2. Get out of the white coat!

The problem with many health workers has been the tendency to hide behind the white coat and behave as if they are not part of their communities. Often, they dismiss public actions as ‘political’ and therefore not proper to get involved in. The problem with this attitude is that some of the best brains in any country are absorbed into health-related professions, robbing other sectors of society of these important resources. If these brains end up being hidden away in our wards and theatres, not contributing to national debate and employing their exceptional intelligence towards bettering their communities, wouldn’t this be rightly considered to be a waste?
In order to reduce this waste, I therefore propose that health workers periodically get out of their white coats and get involved in their communities, whether their actions will be construed as ‘political’ or not. Involvement of health workers in advocacy will add an important voice to issues, increasing the likelihood of action being taken.
In this regard, therefore, I am glad to identify with the clarion call of this movement: Stand up, Speak out and Take action. I urge you all to do this, and not only on health related MDGs, but on all the MDGs and other issues that threaten the well-being of our people.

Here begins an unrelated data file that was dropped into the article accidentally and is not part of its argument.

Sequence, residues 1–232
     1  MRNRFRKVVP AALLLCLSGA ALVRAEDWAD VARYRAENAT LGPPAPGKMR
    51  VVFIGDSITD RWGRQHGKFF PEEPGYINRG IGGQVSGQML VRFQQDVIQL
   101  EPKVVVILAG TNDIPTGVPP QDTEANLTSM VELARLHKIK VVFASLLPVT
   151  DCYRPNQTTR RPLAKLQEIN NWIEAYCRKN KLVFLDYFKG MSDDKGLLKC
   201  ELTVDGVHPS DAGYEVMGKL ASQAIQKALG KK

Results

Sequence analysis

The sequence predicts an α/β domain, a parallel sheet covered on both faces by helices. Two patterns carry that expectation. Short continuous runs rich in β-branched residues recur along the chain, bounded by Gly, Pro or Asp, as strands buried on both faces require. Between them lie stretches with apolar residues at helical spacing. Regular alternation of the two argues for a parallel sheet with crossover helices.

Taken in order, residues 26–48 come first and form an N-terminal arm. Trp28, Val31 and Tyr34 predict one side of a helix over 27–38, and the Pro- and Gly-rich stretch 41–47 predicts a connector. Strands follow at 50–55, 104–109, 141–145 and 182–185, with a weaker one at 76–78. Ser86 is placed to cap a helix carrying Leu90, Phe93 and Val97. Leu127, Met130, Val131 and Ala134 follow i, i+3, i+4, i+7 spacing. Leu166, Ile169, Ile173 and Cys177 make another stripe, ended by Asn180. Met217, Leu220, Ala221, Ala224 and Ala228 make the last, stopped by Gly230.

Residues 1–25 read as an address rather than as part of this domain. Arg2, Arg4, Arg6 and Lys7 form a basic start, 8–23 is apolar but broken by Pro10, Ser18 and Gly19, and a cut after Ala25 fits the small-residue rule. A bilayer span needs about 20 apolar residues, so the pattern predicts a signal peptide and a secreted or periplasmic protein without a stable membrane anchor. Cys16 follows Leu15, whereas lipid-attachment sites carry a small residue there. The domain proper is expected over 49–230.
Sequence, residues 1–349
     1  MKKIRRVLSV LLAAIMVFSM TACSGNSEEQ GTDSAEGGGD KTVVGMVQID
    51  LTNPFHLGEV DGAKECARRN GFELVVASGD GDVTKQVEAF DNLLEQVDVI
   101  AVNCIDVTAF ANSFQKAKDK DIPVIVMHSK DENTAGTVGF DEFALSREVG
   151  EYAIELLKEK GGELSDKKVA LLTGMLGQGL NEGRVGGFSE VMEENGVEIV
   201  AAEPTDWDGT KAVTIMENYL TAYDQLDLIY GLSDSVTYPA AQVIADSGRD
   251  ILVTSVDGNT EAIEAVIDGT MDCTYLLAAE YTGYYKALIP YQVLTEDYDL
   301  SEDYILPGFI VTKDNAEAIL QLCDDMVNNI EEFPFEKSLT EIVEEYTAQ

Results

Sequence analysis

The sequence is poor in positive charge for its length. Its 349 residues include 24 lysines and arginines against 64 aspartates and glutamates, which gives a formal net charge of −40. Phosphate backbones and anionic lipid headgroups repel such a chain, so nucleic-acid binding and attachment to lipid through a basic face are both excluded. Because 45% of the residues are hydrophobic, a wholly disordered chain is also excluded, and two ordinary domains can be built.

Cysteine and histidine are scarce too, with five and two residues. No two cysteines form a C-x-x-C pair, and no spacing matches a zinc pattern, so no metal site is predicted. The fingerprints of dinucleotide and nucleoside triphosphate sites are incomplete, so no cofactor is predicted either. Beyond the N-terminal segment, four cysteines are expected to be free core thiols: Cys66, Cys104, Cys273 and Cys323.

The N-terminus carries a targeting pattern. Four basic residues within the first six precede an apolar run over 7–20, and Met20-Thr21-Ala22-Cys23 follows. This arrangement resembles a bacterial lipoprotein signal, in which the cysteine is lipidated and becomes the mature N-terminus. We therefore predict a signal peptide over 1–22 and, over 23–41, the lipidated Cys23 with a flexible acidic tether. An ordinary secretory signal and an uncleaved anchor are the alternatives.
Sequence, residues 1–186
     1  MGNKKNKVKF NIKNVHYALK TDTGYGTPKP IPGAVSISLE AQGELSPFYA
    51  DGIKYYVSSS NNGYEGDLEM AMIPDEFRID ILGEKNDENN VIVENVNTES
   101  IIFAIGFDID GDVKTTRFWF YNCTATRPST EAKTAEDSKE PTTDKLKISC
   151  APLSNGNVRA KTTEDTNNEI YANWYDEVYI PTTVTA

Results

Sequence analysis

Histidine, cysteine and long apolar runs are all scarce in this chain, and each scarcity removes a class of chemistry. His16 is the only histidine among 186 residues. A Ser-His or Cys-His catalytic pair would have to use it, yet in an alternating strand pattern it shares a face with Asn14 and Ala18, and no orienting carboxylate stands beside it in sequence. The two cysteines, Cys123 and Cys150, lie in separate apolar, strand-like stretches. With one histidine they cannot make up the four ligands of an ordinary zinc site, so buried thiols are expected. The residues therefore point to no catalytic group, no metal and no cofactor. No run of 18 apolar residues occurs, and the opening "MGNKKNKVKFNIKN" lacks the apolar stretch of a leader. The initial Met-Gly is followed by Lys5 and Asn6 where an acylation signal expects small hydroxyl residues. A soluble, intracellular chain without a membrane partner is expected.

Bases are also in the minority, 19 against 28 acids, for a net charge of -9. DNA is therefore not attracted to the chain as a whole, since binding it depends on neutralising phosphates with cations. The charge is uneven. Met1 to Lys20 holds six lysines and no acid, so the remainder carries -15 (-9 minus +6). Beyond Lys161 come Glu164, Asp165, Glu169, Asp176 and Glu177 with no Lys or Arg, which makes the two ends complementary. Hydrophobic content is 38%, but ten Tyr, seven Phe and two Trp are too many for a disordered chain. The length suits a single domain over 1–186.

3. Do your job well!

It is imperative that as we focus on actions we can take outside of our professions to further the MDGs, we also ensure that we deliver on our core responsibilities. In this country, cases are being highlighted of hospitals and health workers who treat their clients poorly for one reason or another. Medical malpractice issues are rising, and if we are not careful, the few gains we are making in improving the numbers and distribution of the health workforce will be eroded. A great deal of mistrust is creeping into the hallowed relationship between a health provider and the client, and this is not healthy for our country. As health care providers, it is our responsibility to ensure that we maintain the professional mores and ethics that guide our practice, and that we use the resources at our disposal responsibly in order to achieve our health goals. You cannot have a moral platform to stand on if you are not doing your job well; therefore, in order to be effective advocates, you must ensure that like Caesar’s wife, you are beyond reproach.